Luka Doncic also made similar observations during his feature on retired shooting guard JJ Redick’s popular podcast: “The Old Man and the Three.” Wearing a humble smile, the 23 year old recalled his surprise upon entering the league and discovering he could score with ease, compared to his time playing in Europe. 

“I would say that European basketball is more team basketball, more [tactical], the court is smaller, the fouls are different, the rules are different, everything is different,” Doncic said. “I only say that scoring is easier in the NBA just because of [these differences].” 

Doncic, like Antetokounmpo, clarified that it is much harder to guard players in the NBA with the league surpassing European basketball in terms of sheer talent. 

European basketball is played according to FIBA (International Basketball Federation) rules and dimensions, while still embodying the same culture of highly physical basketball the NBA boasts. 

Space is more of a weapon in European and FIBA basketball than it is in the NBA. 

The three pointer, which has become a popular option in today's league with players like Steph Curry having revolutionized it's offensive efficiency, has its boundary nearly half a meter closer to the hoop on a European court compared to the NBA’s 7.24 meters. This means European players have a tighter space within which they are to shoot the ball when a play is in action, especially considering the court itself is 28 by 15 meters, compared to the NBA’s 28.7 by 15.2 meters (all values rounded within a single decimal).

Increased pressure on the ball due to tighter spacing only scratches the surface of the differences. The NBA mandates that a defensive player cannot stay within the paint, or the restricted area, for more than three seconds at a time when not actively guarding an opponent. This rule exists to promote more dynamic play in the lane near the basket. This rule does not apply to FIBA basketball, giving defensively oriented big men, like three-time NBA Defensive Player of the Year Rudy Gobert from France, with monstrous power in the playing space.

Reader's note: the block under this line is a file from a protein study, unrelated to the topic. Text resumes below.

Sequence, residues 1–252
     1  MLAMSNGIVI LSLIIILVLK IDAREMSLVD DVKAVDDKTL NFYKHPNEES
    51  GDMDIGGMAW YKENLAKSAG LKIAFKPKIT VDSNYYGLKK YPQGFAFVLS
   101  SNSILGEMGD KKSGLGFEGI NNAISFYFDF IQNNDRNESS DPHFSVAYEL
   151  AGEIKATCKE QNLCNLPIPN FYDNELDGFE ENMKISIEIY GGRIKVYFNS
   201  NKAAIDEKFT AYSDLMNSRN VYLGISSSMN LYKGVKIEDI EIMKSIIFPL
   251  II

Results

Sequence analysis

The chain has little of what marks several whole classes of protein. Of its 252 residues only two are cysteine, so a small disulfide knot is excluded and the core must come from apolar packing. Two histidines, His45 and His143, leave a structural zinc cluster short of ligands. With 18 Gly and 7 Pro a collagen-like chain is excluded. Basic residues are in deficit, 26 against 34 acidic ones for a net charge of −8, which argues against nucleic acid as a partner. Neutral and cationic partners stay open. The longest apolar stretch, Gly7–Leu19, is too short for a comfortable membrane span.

Aggregate playing time in European and FIBA basketball is eight minutes shorter than that for the NBA. European basketball allows for only five individual fouls, both technical and personal, before a player is ejected. The NBA fouls players out after six personal fouls or two technicals. With both time and physicality being more constricted for European players playing physically challenging basketball, there is much less room for error and much more of a requirement for caution. 

With these conditions, it is no surprise that players like Antetokounmpo, Doncic and Jokic each show high levels of craftiness, selflessness and creativity. Other active European players, such as Goran Dragic, Dennis Schroeder and Ricky Rubio also demonstrate these qualities, often harnessing them into a specific role they play for their respective teams, whereas the top three embody them as superstars. 

International basketball as a whole has always maintained a history of providing the U.S. with a challenge to rise to. “The Redeem Team” is a recent project on the struggles faced and overcome by the Team USA men’s basketball team between the early 2000s and 2008, produced by Lebron James and Dwane Wade. The documentary explores how international basketball showcased immense levels of teamwork and confidence that drove American players to test their limits. 

However, European basketball in particular has propelled itself to unprecedented heights since then. Their players comprise the best in the NBA, and the Euroleague enjoys increasing viewership, with over a 10% increase in attendance between the 2017-18 season and the 2018-19 season. The international tournament Eurobasket 2022 boasted its second highest attendance record ever. The high level of play was also apparent, with the three most popular stars — Antetokounmpo, Jokic and Doncic — all being knocked out of the playoffs. 

With Antetokounmpo, Jokic and Doncic’s comments having directed the spotlight onto European basketball’s scope for prowess in the modern NBA, it will be interesting to see how coaches integrate certain practices and adapt their playing philosophies to harness and contain such players — especially on the NBA’s courts, where they are no longer shackled. 

European basketball is not just on the rise. It has reached the peak of the world’s biggest league. Basketball fans all around the world can only salivate in anticipation for the 2024 Paris Olympics, where they will witness the U.S. national team face their league’s very best on the international stage.